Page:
Trump has backed away from the two-state solution, which had been the explicit U.S. objective of the previous couple of administrations, Republican and Democratic, and the implicit objective of the couple of administrations before that, Republican and Democratic.  In an extraordinary statement, the State Department spokeswoman recently said that to recommit to the two-state solution would constitute “bias”.  As former U.S. ambassador to Israel Daniel Kurtzer commented in an op ed last week, “her words indicate that the Trump administration itself is extremely biased — in favor of hardliners in … Netanyahu’s coalition who want the United States and Israel to abandon the two- state outcome.”

Those hardliners, and the Trump administration, have recently been looking to what is referred to as the “outside-in” concept—the idea the other Arab states will lean on the Palestinians to accept something less than a real state.  But if the key to a peace settlement rested with those other Arab states, then Israel could pick up off the table what has been on the table for 15 years: the Arab League peace initiative, which offers full recognition of, and peace with, Israel by all Arab states and a formal declaration that the Arab-Israeli conflict is over, in return for an end to the occupation and establishment of a Palestinian state.  Genuine peace with the region still requires genuine peace with the Palestinians.  Neither the Saudis nor other Arab leaders will sign off on bantustans for their Arab brethren in Palestine.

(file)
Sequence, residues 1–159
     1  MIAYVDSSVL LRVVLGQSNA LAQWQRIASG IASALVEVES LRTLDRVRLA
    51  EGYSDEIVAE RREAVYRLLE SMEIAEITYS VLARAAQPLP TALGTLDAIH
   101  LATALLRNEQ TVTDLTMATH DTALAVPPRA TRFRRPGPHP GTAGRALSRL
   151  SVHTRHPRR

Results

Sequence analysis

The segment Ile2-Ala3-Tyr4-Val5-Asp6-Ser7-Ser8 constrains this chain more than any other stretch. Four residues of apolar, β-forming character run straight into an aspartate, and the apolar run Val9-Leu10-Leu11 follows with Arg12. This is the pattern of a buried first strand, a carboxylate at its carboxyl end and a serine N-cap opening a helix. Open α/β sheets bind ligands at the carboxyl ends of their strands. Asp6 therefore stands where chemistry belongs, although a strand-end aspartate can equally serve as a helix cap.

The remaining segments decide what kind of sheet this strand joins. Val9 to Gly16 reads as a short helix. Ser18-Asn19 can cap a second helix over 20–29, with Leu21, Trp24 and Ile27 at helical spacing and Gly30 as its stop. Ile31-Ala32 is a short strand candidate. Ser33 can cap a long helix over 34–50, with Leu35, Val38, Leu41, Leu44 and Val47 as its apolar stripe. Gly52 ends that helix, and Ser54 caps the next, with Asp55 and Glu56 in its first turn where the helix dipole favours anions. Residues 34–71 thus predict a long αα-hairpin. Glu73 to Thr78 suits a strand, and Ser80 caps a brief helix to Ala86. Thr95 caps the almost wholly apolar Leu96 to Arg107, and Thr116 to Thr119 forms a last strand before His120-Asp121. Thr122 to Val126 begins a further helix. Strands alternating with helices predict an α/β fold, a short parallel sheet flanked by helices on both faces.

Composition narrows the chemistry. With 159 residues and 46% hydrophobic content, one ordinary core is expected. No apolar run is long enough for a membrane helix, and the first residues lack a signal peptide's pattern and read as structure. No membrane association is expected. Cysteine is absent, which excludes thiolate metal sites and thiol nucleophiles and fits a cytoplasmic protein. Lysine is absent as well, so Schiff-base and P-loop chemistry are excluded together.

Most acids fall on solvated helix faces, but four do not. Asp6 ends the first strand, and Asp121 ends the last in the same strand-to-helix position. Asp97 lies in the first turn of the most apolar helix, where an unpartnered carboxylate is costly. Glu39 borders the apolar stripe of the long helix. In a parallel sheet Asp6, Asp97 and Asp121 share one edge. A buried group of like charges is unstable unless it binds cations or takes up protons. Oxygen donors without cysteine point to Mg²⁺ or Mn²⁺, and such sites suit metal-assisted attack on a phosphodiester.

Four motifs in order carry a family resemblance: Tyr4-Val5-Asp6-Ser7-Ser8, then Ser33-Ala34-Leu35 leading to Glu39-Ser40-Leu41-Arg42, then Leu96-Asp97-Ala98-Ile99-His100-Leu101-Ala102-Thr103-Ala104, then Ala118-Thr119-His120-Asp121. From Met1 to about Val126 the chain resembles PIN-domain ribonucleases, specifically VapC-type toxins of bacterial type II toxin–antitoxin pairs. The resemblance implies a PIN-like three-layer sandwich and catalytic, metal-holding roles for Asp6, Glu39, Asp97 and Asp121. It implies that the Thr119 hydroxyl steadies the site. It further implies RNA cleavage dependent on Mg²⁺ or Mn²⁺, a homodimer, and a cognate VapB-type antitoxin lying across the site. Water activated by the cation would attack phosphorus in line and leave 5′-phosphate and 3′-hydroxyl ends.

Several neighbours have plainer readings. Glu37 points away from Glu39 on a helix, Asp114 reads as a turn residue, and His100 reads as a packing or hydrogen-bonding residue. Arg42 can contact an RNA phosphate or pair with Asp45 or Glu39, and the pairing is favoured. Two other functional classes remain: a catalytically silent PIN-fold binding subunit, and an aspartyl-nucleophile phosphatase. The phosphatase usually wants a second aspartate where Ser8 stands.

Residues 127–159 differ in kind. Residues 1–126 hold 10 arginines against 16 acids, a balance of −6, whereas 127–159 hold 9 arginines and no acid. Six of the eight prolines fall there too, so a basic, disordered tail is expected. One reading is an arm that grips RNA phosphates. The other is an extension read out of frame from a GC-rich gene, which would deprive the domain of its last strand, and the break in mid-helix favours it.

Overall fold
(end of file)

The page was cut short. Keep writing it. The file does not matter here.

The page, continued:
Pages

Storms in the Anthropocene and Post-Truth Epochs

Paul Pillar